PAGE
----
Nearly a year into this, what's one way your drag has changed for the better as a result of spending so much time in solitude?
Well, let me tell you that she gained a little weight, that's for sure. She's not a sample size anymore. So I did change in that way [laughs]. And I think I'm more aware of how to be screen ready, I'm more aware of how to use makeup and lighting in a way that can translate really well on the screen. I think on top of that I developed so many skills that drag queens need to have. We're not only just performers now. We have to be producers and we have to know how to edit and how to translate an emotion using a different tool than just playing off the audience. I think I've become a more full, rounded out queen in this new digital era.
Where is the first place you want to travel to once quarantine has lifted?
When I started on Drag Race, I wanted to compete against the other girls, I wanted to compete with myself, but I also wanted to first and foremost meet the fans and have this experience of travelling around the world. My little nerdy, geeky gay boy would love to go to Japan. But there's a tour I'm supposed to do in the UK with Brooke Lynn Hytes, it's a musical that is inspired by Chicago, that I'm really looking forward to.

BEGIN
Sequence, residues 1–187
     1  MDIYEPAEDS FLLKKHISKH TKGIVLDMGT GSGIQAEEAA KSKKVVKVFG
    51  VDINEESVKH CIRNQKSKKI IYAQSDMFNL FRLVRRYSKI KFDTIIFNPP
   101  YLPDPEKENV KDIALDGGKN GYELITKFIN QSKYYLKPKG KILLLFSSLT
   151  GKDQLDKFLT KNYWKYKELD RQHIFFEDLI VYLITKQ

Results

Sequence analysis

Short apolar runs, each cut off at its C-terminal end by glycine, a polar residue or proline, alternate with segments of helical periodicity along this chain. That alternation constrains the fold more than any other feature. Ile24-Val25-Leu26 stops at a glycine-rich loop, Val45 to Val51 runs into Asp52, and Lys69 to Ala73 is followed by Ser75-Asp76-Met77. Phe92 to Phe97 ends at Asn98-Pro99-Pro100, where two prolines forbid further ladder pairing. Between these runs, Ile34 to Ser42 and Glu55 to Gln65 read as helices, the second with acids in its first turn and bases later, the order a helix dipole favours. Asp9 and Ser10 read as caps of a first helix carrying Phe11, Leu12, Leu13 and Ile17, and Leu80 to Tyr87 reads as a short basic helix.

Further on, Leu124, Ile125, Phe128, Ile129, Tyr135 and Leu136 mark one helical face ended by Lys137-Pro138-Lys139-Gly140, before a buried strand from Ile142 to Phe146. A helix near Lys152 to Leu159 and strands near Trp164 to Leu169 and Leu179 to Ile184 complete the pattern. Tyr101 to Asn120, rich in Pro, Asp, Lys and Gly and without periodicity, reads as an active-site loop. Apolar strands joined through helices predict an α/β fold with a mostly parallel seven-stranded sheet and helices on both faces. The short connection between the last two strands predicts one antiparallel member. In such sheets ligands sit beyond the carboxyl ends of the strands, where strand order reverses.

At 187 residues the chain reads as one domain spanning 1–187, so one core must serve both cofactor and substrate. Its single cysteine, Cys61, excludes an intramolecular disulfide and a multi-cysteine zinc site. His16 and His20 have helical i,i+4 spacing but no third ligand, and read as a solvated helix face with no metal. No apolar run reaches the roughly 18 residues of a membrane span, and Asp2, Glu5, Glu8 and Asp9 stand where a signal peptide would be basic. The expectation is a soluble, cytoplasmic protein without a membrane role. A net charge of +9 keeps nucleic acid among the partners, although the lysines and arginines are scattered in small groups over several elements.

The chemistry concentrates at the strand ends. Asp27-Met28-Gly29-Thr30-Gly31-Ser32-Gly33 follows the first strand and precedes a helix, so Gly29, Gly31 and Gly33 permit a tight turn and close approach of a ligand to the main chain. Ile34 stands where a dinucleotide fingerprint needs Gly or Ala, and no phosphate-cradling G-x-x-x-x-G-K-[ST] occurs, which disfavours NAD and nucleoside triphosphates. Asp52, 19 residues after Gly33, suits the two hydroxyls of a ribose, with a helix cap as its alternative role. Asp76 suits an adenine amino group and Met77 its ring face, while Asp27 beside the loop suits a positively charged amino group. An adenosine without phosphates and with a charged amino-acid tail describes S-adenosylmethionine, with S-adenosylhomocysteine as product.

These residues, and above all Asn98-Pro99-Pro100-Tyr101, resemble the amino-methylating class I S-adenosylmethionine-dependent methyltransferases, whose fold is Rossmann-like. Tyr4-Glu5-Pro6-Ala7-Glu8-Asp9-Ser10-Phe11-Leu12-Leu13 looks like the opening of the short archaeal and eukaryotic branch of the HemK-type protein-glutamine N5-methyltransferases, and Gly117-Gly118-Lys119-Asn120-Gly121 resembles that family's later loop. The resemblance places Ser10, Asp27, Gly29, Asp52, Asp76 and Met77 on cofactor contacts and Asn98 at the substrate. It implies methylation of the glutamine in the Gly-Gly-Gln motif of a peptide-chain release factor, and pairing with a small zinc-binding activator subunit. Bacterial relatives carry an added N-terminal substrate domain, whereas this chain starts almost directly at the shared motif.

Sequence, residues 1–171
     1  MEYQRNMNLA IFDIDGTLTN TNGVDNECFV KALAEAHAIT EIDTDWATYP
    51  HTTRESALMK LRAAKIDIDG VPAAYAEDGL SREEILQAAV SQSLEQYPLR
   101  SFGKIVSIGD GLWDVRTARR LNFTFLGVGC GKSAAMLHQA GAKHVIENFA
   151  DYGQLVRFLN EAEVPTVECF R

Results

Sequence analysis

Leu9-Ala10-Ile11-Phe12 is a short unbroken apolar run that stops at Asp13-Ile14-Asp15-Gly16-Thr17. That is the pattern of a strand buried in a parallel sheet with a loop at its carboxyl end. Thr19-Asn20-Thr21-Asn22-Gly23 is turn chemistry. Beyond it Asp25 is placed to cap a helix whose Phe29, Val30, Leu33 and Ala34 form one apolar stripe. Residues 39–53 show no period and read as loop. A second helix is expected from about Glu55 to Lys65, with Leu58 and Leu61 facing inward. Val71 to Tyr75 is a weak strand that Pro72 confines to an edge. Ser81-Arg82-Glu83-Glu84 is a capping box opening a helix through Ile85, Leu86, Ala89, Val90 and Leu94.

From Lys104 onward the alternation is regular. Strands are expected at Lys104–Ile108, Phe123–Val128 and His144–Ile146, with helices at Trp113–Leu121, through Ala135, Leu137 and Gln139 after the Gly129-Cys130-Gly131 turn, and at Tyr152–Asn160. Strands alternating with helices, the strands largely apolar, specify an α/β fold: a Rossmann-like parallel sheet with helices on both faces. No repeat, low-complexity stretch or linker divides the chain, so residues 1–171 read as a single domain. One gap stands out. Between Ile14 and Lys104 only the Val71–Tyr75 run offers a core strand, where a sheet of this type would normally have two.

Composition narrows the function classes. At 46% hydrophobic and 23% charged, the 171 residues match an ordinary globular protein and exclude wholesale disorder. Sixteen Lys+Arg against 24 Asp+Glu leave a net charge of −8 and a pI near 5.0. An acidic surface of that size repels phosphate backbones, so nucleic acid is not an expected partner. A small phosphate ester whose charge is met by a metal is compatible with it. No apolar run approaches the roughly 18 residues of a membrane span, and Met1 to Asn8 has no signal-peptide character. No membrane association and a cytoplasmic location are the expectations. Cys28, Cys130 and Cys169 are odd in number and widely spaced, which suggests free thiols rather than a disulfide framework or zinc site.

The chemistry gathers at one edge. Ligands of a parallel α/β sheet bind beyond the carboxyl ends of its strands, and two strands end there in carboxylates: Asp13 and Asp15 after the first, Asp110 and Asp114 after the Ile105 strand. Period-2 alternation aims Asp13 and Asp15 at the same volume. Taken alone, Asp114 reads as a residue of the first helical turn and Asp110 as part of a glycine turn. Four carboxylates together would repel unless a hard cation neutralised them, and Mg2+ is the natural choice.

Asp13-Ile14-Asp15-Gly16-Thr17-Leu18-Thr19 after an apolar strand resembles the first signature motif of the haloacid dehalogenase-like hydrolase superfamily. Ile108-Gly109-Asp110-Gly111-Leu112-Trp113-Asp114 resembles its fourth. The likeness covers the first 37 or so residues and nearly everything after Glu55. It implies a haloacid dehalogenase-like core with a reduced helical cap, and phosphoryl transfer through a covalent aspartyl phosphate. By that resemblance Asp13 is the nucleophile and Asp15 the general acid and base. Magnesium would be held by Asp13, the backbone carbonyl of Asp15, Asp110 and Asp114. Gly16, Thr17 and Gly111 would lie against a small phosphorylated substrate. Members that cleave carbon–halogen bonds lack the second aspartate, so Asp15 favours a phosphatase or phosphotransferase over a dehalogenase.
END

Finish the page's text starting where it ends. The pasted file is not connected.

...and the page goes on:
Blouse, scarf, belt, earrings and necklaces: Vintage Gianni Versace, Bodysuit: Fendi, Gloves: Morphew, Watch: Chopard
Do you hold any frustrations over the fact that season 13 of Drag Race is now in full swing, the fandom's attention has turned toward a new crop of queens, and your season was never given a proper tour to really go out and meet the fans in tandem with the height of your time on the show?
Well, before having season 13 we had All Stars 5 which came right after us. And if I have to be completely honest there's always a little bit of fear in situations like that. "Are we old news?" And it turns out you're not because we are all pretty individual in our own way. I don't feel upset or frustrated, mostly I feel sad for all of the girls that came after us because we were the first ones to experience it, and I know how traumatic it was but I was lucky enough to travel at least two or three times [pre-quarantine]. These girls now don't even get that. And I know so many of them, and the sisterhood kind of takes over and you're just happy to see your girls thrive rather than being bitter.